College of Arts, Society and Education

Publish Date

9 May 2019

Related Study Areas

Rewriting the rules

“I was born into a world that expected very little of women like me. We were meant to tread lightly on the earth,” Anne Summers writes.

But as the pages of her memoir reveal, Anne has eschewed treading lightly and instead has stomped loudly and spectacularly in every opportunity that has come her way. Anne will visit JCU to share the revealing and frank stories behind four decades of success.

“I’ve never been able to turn down a good adventure,” says Anne. Her sense of adventure illuminates the provocative and inspiring stories in her newest book Unfettered and Alive: A Memoir.

This sense of adventure has propelled Anne to break through boundaries and develop an extraordinarily varied career as a journalist/author/political advisor/bureaucrat/board member/editor/publisher/political activist. “If somebody offers me something interesting, or if an opportunity arises that sounds like it’s going to be challenging and interesting and fun and risky, I usually say yes.”

One such interesting challenge was Anne’s time as the political correspondent at the Australian Financial Review. “I had never written about politics before, I’d never written about Canberra before, and I’d never been in daily journalism before so I was really terrified as to whether I could do that job,” she says. “It was very tough in the early days but…gradually you learn, you work hard, you learn who the people are, you learn what the issues are, you learn what you have to do, and you do it.”

Anne Summers interviews Adam Goodes
Politician being interviewed by journalists
Anne was unaccountably nervous before her talk with footballer Adam Goodes in April 2015 (left), but he calmed her and they went on to have an inspiring and memorable conversation.

The importance of mentorship

She credits her success at the Financial Review, particularly in the terrifying early days, to the support of her editor.

“The thing that kind of kept me going and made me realise that I had to try to succeed was that the person who appointed me, editor of the paper Max Walsh, believed in me. So that was very encouraging to know that somebody of his stature thought I could do this job, and that made me think okay, well, I will fake till I make it and that’s what I did.”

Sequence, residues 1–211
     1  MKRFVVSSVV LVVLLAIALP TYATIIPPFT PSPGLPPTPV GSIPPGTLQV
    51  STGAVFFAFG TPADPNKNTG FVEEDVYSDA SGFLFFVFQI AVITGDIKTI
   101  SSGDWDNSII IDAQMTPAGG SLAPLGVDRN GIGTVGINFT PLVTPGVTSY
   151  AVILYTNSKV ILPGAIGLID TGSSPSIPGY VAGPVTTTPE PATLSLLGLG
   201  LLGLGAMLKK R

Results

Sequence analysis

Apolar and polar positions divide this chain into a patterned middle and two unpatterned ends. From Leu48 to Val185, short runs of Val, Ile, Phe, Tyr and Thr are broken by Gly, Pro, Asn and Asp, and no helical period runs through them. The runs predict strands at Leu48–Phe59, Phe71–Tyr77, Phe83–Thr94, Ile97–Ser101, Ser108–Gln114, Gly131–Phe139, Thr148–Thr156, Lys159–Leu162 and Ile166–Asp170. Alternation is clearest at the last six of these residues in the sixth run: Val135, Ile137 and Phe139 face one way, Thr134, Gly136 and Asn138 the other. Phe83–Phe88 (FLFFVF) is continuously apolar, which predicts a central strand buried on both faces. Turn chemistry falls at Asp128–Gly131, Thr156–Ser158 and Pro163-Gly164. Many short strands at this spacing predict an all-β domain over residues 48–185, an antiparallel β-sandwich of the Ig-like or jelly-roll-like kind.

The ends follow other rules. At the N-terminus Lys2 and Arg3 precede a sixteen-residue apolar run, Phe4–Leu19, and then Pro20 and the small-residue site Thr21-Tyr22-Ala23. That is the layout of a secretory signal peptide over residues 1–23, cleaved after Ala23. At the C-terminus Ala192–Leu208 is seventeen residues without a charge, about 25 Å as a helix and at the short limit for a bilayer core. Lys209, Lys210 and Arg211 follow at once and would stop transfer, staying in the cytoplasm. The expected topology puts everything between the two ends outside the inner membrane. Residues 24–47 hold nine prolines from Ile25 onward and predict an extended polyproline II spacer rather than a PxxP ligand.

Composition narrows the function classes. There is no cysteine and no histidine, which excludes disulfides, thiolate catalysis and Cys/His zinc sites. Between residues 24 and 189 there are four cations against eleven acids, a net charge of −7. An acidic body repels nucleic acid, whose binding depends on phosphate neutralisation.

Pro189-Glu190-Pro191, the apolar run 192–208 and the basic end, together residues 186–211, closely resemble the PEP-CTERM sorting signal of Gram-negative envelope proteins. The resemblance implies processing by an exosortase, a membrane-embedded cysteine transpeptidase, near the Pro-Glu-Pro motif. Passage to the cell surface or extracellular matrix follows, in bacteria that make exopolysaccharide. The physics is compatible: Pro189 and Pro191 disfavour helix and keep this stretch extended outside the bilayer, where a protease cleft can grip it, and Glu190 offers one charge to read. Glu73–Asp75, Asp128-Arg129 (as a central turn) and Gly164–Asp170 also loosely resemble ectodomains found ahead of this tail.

But not every risky and challenging opportunity has led to success for Anne.

“I’m very lucky that a lot of different opportunities have been offered to me in my life and I’ve always tended to say yes to most of them, and I haven’t always succeeded and I’ve had a lot of setbacks.”
Anne Summers

Anne doesn’t shy away from difficult topics in her book, and she covers a particularly bad setback that she had in New York. “I had a terrible time in New York with the company that I had founded with my partner, Sandra Yates, when we were attacked by the religious rights campaigners for some of the articles we were running in our teenage girls’ magazine, and we were eventually forced out of business.”

The motivation to continue in the face of setbacks, Anne says, comes from having a good network of support and encouragement. “I think it’s so important all of us have people to help us, you know, mentors, or coaches, or just good friends, people that you can talk to, and that can encourage you, because none of us are born fully formed and able to do everything.”

Anne sums up her dizzying array of career experiences simply and with a laugh: “I’ve never been bored,” she says.

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